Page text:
Despite massive advances in the treatment of paediatric acute lymphoblastic leukaemia (ALL) challenges remain. Disease in the central nervous system (CNS) continues to pose difficulties in diagnosis, prevention and treatment. Understanding the biological mechanisms of leukaemic cell entry into the CNS should allow better detection and monitoring of leukemia and may identify novel therapeutic targets for resistant disease. We hypothesize that leukaemic cell dissemination to the CNS is associated with the abnormal expression of molecules governing physiological leukocyte trafficking i.e. chemokine receptors, selectins and integrins. This study compared gene, protein and functional expression of candidate trafficking molecules expressed by CNS homing and CNS non-homing ALL cell lines in vitro. Initial screening for candidate gene expression was performed using Taqman low density quanti- tative PCR arrays. Promising candidates were further evaluated by flow cytometry and functional assays. Clear differences were seen between the cell lines. CNS homing cells expressed higher levels of chemokine receptors, integrins and selectins associated with physiological entry of leukocytes across the blood:CSF barrier. In contrast, CNS homing cells showed much lower levels of CXCR4 expression, with reduced chemotaxis in response to the CXCR4 ligand CXCL12. Since functional CXCR4-CXCL12 interactions are known to be important for retention of cells in the bone marrow microenvironment, disruption of this interaction may be a necessary pre-requisite for cell migration to other sites. In conclusion, these studies support our hypothesis that the ability of leukemic cells to enter the CNS is governed by the expression patterns of leukocyte trafficking receptors.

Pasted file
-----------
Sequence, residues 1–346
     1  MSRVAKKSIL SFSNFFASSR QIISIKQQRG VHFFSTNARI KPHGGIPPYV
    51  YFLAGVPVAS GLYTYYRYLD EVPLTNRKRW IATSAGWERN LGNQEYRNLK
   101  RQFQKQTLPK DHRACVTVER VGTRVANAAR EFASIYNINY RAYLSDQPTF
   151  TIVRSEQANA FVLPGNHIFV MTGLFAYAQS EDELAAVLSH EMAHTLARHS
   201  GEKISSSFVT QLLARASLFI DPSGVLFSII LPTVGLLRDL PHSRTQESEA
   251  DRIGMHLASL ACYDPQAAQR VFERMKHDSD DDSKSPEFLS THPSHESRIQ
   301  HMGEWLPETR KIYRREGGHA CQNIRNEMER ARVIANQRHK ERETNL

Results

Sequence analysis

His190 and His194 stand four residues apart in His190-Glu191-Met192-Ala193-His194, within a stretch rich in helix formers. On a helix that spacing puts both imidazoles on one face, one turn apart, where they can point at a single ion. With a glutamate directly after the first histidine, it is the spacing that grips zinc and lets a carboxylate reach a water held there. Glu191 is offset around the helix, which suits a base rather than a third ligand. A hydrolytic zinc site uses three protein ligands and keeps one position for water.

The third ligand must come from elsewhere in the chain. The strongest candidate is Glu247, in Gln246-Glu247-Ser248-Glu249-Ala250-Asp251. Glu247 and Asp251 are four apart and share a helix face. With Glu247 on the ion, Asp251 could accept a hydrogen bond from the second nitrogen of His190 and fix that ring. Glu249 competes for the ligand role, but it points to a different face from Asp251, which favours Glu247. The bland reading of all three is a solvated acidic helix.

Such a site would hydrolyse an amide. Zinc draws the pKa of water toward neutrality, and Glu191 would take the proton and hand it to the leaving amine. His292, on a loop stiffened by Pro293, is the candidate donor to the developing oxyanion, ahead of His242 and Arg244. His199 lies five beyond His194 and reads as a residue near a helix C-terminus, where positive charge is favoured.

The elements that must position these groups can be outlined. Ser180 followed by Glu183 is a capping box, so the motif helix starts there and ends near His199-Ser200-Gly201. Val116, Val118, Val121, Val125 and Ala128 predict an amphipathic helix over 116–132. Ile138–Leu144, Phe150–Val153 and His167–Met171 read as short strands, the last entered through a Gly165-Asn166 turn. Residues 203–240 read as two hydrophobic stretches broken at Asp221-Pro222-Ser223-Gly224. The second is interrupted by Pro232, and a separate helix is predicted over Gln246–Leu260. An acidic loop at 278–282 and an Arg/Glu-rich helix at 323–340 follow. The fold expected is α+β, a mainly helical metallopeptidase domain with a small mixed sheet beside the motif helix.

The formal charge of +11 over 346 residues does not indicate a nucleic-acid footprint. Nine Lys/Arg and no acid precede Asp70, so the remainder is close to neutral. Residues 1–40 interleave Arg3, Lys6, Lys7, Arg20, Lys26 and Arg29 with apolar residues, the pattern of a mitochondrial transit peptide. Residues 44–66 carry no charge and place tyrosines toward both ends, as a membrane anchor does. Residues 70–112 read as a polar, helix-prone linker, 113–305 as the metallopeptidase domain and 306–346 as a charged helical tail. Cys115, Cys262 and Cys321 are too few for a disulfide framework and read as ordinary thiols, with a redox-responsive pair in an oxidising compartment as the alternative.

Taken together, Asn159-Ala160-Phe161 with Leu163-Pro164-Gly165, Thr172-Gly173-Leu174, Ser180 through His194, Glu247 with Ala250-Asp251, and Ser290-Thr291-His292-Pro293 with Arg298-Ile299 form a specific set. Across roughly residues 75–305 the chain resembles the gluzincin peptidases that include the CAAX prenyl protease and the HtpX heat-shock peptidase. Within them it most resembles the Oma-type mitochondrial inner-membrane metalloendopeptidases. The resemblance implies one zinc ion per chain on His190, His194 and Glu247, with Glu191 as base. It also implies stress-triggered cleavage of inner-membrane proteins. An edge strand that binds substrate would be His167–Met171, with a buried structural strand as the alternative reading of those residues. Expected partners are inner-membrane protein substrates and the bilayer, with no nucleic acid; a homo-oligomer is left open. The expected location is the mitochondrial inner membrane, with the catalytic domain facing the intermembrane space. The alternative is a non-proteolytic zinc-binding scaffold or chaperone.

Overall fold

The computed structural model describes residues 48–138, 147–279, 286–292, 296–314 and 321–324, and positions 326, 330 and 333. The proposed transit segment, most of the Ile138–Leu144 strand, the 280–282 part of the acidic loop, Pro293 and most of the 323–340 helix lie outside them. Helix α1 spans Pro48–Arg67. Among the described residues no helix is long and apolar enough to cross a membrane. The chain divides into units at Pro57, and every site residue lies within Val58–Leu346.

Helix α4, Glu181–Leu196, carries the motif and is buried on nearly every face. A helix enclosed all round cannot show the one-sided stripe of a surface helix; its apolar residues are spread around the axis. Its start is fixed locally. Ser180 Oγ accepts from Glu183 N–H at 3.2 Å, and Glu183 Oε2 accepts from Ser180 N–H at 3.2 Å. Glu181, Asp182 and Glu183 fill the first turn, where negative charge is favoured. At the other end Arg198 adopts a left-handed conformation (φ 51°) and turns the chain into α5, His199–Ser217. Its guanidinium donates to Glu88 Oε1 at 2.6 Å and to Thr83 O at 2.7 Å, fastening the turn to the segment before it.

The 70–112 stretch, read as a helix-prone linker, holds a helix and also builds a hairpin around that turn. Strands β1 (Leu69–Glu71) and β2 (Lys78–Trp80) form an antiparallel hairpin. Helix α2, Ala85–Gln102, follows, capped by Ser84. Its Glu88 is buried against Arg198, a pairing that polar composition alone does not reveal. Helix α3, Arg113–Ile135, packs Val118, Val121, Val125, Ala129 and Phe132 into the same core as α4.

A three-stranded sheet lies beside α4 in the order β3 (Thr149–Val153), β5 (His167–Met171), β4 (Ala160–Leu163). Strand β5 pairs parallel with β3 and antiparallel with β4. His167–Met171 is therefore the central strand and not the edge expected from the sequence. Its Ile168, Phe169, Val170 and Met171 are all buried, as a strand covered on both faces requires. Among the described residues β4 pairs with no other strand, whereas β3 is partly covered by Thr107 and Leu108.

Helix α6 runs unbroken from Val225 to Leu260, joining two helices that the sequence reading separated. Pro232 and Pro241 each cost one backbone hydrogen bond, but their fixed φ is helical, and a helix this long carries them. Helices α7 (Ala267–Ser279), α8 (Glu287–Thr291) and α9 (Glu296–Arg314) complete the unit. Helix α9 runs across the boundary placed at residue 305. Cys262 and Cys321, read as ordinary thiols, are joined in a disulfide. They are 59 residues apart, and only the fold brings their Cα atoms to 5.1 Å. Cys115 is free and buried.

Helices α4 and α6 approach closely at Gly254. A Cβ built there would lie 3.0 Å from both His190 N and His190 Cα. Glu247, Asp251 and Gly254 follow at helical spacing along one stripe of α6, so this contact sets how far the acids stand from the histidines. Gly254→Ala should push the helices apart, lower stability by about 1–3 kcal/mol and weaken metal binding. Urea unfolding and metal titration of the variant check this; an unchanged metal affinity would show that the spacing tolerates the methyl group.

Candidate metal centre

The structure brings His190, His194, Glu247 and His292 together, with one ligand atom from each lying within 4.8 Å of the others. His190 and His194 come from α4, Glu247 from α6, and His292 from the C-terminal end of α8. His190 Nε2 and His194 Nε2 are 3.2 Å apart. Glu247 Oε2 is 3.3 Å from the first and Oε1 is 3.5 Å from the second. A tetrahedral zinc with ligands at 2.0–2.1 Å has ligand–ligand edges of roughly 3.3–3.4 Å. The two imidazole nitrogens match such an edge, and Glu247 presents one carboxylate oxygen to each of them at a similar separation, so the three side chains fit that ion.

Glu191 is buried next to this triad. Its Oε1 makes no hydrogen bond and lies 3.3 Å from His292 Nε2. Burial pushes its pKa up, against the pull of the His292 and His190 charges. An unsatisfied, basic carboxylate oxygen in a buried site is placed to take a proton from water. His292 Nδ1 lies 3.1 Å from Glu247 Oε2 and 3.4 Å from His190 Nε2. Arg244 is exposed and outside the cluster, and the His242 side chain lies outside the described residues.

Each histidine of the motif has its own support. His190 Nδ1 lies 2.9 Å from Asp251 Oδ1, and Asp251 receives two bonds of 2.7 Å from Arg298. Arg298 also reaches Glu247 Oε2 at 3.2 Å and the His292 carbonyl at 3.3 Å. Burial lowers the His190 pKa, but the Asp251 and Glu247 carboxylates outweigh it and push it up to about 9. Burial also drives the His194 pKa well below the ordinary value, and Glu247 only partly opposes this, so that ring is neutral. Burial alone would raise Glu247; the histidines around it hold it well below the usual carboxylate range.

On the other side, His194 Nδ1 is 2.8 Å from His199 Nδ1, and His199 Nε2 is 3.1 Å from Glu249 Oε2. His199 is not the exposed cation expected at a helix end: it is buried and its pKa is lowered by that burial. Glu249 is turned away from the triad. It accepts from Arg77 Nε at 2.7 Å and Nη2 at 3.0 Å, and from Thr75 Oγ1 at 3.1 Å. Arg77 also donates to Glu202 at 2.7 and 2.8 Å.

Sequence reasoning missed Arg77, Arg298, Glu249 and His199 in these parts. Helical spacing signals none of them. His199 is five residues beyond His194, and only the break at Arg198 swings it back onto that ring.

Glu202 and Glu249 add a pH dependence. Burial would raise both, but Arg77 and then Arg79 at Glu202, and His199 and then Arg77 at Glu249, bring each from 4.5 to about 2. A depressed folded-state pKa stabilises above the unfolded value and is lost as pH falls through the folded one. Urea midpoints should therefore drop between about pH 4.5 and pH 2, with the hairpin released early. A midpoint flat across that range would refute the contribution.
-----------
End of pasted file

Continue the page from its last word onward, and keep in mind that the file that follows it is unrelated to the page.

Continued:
- central nervous system
- paediatric acute lymphoblastic leukaemia
- leukaemic cells